CIO recently published an article that highlighted a survey that was revealing. The survey, conducted in April and May, included 150 executives, from large companies of over 5,000 employees, with responsibility for making business decisions influenced by big data. The survey reports that 98 percent said their company encourages its employees to ground business decisions in data and evidence (60 percent said their company ‘strongly encouraged’ the practice; 38 percent said their company ‘somewhat encouraged’ it). This sounds consistent with current thinking and best practices for the adoption of analytics to make better business decisions and as a survey finding, isn’t particularly unexpected .
However, what was interesting was this same survey found that just 23% of respondents felt their company is ‘extremely successful’ and 39% ‘very successful’ at actually leveraging big data to make decisions.
Could this be indicative of the state of big data efforts? In other words, while we are on the right road, for many of us there remains the fact that we haven’t fully reached the hoped for destination.
Our ability to consistently reach the full potential of data analytics is hampered, according to California-based Ventana Research, because a majority of organizations do not have enough experience in applying analytics to business problems and lack training on using the tools. Ventana notes that it undertook benchmark research (PDF) last year to determine the attitudes, requirements and future plans of companies that use predictive analytics and to identify the best practices of organizations that are most proficient in it. The researchers found that predictive analytics findings are most commonly used for forecasting (used by 56% of respondents), marketing analysis (46%), customer service (41%) and product recommendations or offers (35%).
The primary barrier for taking predictive analytics use to the next level, believes Ventana, are issues of expertise and training; critical considerations in adopting and using predictive analytics effectively. Most often, people primarily responsible for designing and deploying predictive analytics are data scientists (in 31% of organizations), followed by the business intelligence and data warehouse team (27%). Yet in only about half (52%) of the organizations are the people who design and deploy predictive analytics the same ones who utilize the output of the predictive analytics processes. The most common reasons that users don’t design analyses themselves are because they don’t have enough skill training (79%) and don’t understand the mathematics involved (66%).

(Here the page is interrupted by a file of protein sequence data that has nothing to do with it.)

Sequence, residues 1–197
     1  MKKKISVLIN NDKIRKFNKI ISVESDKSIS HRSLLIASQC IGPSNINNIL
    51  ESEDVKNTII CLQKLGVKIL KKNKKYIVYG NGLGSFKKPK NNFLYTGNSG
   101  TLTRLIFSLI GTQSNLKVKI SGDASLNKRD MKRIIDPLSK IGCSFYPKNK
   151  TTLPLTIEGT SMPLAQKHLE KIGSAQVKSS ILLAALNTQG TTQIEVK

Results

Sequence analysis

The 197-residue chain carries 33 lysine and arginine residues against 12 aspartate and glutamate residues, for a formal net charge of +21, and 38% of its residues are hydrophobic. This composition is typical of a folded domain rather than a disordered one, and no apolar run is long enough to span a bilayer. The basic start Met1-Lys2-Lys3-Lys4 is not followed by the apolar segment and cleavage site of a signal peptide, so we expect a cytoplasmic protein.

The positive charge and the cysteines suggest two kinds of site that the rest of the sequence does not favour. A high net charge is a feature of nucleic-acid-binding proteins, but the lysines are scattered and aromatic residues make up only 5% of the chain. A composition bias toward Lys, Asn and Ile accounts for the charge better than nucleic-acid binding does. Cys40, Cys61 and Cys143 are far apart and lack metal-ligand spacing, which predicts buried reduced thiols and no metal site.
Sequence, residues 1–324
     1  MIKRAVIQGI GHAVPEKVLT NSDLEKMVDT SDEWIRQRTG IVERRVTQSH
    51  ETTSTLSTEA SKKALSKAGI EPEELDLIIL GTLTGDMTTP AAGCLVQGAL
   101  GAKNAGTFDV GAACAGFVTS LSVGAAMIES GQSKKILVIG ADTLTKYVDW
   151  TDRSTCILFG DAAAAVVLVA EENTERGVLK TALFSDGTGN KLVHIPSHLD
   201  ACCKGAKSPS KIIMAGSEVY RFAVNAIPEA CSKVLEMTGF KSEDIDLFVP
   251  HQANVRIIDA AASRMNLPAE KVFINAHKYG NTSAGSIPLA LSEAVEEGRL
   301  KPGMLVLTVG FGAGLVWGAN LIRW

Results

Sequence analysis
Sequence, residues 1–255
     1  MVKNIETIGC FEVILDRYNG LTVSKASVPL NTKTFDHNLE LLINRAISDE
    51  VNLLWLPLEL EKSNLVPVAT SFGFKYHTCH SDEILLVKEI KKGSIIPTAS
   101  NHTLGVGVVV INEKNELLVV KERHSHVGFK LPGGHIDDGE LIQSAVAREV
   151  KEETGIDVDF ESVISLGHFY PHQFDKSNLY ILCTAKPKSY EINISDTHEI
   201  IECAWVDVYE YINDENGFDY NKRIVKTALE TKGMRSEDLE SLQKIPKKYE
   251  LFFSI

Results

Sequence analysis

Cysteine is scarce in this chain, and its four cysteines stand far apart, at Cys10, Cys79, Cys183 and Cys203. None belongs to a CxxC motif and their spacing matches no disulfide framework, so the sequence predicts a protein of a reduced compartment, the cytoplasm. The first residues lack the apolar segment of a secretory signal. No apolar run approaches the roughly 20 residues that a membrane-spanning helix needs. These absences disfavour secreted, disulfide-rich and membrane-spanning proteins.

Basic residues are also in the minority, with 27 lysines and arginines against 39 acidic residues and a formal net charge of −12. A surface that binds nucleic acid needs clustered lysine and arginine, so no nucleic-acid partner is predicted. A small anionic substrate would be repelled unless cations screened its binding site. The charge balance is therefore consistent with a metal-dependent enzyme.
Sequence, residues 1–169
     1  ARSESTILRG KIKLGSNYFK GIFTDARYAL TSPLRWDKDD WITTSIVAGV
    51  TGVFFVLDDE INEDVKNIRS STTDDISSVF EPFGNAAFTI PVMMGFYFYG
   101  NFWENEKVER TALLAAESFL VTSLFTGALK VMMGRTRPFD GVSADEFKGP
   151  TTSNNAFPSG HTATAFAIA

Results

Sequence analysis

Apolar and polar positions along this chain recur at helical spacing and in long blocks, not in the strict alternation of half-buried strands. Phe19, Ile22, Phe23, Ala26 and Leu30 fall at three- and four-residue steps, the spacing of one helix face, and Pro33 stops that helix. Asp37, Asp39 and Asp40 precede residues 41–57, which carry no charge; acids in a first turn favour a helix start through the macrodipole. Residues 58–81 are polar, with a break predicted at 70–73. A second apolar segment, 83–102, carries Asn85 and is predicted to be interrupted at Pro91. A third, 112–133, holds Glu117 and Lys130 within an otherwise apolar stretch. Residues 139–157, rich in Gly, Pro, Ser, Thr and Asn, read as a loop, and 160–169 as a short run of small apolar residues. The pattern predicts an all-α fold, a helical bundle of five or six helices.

Another possible barrier to greater success in using predictive analytics, the Ventana research found, is that more than half (52%) of organizations lack the resources they’d need to change the way they use predictive analytics, and nearly as many (48%) lack awareness of the need for changes. One-third said that the business case is not strong enough, and 29 percent said too much training or customized skill would be required.
These barriers do not seem to be halting the progression of data analytics spending however. The desire to leverage big data to make better business decisions is an accepted best practice today. International Data Corporation (IDC), expects worldwide revenues for big data and business analytics to grow from nearly $122 billion in 2015 to more than $187 billion in 2019, an increase of more than 50% over the five-year forecast period.
Cultivating what Gartner research director Alexander Linden termed “citizen data scientists” may be the answer. These are not data scientists. Linden has stated that there isn’t enough data scientists in the workforce, and expert data scientists will remain rare. Linden believes organizations need to start seeking out “citizen data scientists” — people on the business side — that may have some data skills, possibly with a math or even social science degree—and ask them to work, explore and analyze data. Gartner predicts that there will be five times as many citizen data scientists than expert data scientists going forward. As more analytic tools become easier to use, this new breed of data practitioner could become an invaluable part of your data analytics team.
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